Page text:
We took the high speed train to Tainan, and it took less than two hours to reach Tainan. Upon arrival at the Chiayi station, we were picked up by our chartered van. Our first destination was the Taiwan Salt Museum, with a double pyramid structure. The salt industry in Taiwan dates back over 300 years to the early Chinese settlers. But with cheaper salt being imported from other countries, this is a dying industry in Taiwan.
Outside of the museum are examples of salt flats.
Located near the museum is the Qigu Salt Mountain (七股鹽山). The mountain is a two hectare mound of salt left over from the Taiwan Salt Corporation’s Qigu Salt Fields. The Qigu Salt Field was once the largest solar salt field in Taiwan supplying salt for the domestic agricultural and industrial sector. Through changes in time, solar salt was no longer economically viable; hence the Qigu Salt Field ceased production in May 2002, marking the end of 338 years of solar salt history in Taiwan. It is climbable, with steps carved into the hard salt to make for easy climbing.
Our next stop was the Sio (salt in Japanese) House. Established during the Japanese occupation as an official building related to the salt industry, its Japanese-style architecture has been preserved. In its compound is a century-old banyan tree which has become a wishing tree, with lots of hanging wooden wishing tablets.
We then walked past the Anping Tree House (安平樹屋). It was originally an office and warehouse of Tait & Co, one of the top five trading companies in Anping area during the period of Japanese colonization. It was abandoned after the decline of the salt industry in Anping. A gigantic banyan tree has taken over the warehouse in various ways, including its aerial roots and trunks that have became part of the architecture. As it was getting late and we needed to cover the Anping Fort, we didn’t visit go in for a visit.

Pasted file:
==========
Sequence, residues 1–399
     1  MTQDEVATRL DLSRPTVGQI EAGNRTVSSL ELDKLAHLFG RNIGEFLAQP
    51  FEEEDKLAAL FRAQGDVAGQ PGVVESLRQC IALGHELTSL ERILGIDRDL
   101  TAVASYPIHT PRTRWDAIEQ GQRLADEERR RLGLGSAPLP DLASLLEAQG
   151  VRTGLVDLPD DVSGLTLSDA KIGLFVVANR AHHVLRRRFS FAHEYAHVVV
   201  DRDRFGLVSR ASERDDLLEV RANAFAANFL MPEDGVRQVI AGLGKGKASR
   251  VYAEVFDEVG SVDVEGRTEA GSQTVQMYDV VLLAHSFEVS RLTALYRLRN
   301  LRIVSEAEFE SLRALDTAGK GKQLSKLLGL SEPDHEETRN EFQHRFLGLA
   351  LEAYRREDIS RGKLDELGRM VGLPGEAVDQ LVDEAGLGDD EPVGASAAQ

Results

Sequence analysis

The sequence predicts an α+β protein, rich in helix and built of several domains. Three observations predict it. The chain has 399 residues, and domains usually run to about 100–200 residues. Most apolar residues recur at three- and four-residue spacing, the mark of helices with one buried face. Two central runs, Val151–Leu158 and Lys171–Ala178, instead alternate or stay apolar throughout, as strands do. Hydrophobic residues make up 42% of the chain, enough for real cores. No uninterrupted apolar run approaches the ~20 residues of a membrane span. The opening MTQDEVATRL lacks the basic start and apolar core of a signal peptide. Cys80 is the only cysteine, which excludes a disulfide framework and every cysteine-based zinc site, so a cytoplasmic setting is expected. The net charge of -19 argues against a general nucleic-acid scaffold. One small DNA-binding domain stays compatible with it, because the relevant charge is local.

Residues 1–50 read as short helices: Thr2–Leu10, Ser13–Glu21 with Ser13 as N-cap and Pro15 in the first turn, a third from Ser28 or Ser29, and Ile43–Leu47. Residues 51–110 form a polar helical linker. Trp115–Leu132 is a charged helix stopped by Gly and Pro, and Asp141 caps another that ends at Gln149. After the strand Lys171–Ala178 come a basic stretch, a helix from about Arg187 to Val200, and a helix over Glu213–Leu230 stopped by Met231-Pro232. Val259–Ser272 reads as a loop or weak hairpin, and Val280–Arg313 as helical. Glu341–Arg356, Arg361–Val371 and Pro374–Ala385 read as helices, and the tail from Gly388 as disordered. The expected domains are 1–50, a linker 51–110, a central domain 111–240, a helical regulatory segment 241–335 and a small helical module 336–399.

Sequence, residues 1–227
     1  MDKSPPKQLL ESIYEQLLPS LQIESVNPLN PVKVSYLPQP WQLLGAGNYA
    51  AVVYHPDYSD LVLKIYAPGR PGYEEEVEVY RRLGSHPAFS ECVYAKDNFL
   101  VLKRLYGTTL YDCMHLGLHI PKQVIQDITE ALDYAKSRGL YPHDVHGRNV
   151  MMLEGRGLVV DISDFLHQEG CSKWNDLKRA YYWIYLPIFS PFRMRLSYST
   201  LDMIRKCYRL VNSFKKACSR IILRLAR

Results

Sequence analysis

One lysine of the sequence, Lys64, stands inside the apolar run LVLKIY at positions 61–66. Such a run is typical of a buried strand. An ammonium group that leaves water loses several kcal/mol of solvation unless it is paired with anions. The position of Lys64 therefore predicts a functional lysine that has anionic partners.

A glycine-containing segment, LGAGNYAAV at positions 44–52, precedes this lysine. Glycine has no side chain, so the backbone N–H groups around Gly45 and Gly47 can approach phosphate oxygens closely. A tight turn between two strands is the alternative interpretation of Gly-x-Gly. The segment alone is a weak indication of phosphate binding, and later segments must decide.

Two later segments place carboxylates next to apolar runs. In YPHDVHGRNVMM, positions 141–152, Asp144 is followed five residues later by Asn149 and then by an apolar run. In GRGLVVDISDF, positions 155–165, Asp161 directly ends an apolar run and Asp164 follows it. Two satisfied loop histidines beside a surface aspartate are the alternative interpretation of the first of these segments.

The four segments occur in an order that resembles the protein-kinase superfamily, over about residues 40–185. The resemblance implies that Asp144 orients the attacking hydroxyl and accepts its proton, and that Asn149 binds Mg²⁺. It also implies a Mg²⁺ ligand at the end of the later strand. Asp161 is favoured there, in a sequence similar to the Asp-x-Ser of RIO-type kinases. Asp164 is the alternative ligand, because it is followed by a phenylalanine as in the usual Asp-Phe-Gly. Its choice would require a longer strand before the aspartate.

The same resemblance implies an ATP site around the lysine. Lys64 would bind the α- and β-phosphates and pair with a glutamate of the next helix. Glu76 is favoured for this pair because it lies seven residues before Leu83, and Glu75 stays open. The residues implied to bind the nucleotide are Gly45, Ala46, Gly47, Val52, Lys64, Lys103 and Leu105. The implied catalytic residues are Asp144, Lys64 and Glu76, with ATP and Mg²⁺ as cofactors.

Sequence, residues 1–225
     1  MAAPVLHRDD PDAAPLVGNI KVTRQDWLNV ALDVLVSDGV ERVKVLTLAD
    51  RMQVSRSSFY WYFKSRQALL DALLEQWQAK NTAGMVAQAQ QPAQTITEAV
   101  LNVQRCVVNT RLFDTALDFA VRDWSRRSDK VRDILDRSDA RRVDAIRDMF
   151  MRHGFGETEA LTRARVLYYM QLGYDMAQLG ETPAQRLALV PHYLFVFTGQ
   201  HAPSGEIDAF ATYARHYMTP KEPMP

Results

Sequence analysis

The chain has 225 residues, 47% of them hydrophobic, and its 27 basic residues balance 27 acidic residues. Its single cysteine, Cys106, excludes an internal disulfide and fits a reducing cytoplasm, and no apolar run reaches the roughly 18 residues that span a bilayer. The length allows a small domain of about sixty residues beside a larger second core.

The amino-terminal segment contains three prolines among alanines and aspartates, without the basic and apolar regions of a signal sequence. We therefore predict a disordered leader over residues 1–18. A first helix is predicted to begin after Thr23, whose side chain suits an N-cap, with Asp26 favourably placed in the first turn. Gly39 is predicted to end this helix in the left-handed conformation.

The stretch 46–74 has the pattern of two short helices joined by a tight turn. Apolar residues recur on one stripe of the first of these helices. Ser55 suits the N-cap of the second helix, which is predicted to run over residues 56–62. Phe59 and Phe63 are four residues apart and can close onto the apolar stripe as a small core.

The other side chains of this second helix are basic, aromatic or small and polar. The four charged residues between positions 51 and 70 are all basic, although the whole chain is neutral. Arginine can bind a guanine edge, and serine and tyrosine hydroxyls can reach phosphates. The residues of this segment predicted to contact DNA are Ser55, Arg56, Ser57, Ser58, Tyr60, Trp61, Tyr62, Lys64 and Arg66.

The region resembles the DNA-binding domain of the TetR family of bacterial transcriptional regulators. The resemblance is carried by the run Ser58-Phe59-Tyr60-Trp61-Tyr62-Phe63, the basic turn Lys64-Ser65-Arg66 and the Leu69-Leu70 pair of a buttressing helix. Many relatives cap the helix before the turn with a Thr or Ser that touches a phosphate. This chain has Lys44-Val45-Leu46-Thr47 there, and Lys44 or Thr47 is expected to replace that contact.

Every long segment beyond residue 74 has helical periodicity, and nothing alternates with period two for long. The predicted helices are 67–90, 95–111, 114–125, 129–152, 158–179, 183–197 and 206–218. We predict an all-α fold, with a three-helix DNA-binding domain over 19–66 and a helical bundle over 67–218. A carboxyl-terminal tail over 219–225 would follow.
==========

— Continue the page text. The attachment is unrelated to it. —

In the early 17th century, European seafarers came to Asia to trade and develop colonial outposts. In 1624, the Dutch occupied today's Anping and took ten years to build a fort named Fort Zeelandia. During the Japanese occupation, it was rebuilt and named Anping Fort (安平古堡). All that remains from the original structure are a few crumbling walls that used to make up the foundation.
It was already dark when we left Anping Old Fort so we didn’t have much time to wander around Anping Old Street – just caught glimpses of narrow streets and alleyways packed with vendors, eateries, shops and stores – before heading for dinner at a restaurant named Chou’s Shrimp Roll (周氏蝦卷). Our delicious course dinner included a sampling of all the famous cuisines in Tainan.